It’s OK to Explore Majors!

confused person“I was certain I wanted to study International Relations, but now I realize that it’s just not for me. The problem is, now I don’t know what I want to do.” As the semester progresses, many students are looking up from their texts and realizing they do not want to pursue the path they had chosen.  Other students entered college with an eye to exploring majors. In either situation, it is critical for the student to know that being curious and open about their major is totally OK; after all, more than 60% of college students nationwide change their major at least once!   At AU, we are committed to help our students to find a major that is fulfilling and will lead to a great career.

Many people are fixated on the idea that MAJOR=CAREER. In fact, this is not true. Look at your own circle of friends and family: how many college grads do you know who are working in exactly the field they majored in? True, engineers, teachers, and accountants have that one-to-one relationship- but even today not all engineering grads are working as engineers.  So, as you start to explore, divest yourself of the idea that there must be a crystal clear connection between a career title and your major. Then engage in some self-exploration, learn about yourself and what motivates you, and find those majors that fit.

The Career Center has specific tools to help. Sit down with your Career Advisor to review assessments and learn about your personality through the Myers Briggs Type Indicator or your interests through the Strong Interest Inventory.  Talk about what motivates you—serving others? Solving complex problems? Earning a substantial salary? What are you particularly good at, what do you like to do? All of these factors play a role in how we choose a major and the careers that can follow.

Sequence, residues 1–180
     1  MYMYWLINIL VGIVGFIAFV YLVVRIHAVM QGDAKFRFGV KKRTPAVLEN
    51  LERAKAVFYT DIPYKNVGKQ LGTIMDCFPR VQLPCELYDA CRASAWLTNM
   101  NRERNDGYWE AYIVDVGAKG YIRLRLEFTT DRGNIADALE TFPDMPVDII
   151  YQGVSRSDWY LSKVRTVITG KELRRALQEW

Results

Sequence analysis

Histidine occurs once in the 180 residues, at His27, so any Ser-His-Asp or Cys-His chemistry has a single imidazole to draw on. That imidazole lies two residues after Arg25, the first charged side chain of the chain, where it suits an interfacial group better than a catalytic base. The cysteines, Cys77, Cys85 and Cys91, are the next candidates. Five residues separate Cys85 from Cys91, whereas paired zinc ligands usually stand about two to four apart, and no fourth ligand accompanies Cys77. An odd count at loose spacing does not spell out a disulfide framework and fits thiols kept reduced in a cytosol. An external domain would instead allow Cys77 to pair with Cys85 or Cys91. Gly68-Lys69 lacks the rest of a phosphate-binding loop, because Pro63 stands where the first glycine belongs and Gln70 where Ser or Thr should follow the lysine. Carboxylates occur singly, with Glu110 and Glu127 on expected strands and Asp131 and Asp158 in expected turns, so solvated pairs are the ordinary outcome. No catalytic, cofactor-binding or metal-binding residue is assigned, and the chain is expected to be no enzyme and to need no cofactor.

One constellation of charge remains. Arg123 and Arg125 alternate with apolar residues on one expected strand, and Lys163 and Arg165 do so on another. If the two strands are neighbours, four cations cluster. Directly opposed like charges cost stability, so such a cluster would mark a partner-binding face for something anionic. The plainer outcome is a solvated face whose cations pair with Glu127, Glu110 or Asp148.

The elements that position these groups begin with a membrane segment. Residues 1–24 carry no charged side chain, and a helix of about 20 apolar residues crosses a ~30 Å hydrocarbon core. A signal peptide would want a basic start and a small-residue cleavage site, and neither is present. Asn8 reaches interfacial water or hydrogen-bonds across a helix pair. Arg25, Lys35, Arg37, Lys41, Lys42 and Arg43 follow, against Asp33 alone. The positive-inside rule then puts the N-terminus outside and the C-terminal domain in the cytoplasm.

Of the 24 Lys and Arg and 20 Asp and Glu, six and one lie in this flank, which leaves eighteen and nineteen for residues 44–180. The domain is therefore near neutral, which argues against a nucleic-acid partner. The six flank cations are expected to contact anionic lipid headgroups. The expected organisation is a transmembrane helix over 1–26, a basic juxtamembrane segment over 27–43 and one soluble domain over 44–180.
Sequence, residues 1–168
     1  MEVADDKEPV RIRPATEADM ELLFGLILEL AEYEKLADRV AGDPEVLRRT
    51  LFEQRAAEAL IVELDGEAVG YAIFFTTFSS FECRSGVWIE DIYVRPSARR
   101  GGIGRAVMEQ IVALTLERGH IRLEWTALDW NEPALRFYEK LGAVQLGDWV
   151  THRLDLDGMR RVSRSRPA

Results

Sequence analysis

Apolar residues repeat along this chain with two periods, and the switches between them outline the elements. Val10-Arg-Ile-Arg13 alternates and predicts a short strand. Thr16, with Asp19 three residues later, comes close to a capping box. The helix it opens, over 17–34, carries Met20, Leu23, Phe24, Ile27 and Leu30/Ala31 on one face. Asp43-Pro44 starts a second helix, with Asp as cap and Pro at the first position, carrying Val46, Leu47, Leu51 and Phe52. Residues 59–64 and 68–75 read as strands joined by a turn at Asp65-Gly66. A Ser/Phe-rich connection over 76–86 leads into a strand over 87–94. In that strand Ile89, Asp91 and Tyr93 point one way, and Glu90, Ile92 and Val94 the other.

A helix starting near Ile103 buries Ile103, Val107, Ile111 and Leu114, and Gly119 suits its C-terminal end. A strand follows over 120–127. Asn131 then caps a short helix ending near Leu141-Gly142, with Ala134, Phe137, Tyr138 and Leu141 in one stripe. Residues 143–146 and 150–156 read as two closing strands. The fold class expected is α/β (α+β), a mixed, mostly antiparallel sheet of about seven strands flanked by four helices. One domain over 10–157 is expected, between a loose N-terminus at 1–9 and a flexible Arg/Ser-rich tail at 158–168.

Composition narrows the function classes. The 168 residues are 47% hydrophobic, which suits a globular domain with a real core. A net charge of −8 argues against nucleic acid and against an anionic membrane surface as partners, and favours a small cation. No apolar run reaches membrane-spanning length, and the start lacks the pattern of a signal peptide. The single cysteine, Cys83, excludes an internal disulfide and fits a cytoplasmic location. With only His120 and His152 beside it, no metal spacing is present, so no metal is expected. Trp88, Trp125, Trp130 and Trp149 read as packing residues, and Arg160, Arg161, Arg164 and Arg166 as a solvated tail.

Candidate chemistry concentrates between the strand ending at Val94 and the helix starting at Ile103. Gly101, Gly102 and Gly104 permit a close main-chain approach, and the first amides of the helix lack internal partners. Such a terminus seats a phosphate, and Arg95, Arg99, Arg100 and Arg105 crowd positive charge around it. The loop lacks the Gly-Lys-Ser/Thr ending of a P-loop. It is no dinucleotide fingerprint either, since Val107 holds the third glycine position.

A new tool is available to begin exploring some of these ideas on your own. Try the ACTProfile. This free tool looks at your values and interests, and creates major and career maps for you. It even provides good resources for researching majors and careers that fit your profile.

There are a number of events sponsored by CAS that can help the exploring freshman or sophomore student decide upon a major: check out “Exploratory Week” during the week of Sept. 22. Workshops include “Major Does NOT Equal Career”, and “Follow your GPS (Guiding, Personal, Success),” a well as workshops on specific majors.

In the spring semester, the Career Center will be teaching a one-credit course targeted exclusively for exploring freshmen and sophomores- “Career Exploration and Development”, course UGST 100. Look for it when you register for classes!

Take advantage of the resources offered by your academic advisors and the Career Center. By taking the time now to engage in self-exploration and research majors and careers, you’ll be able to make a “major decision” and be able to graduate on schedule.

 

 

 

 

 

 

 

 

 

 

 

 

Share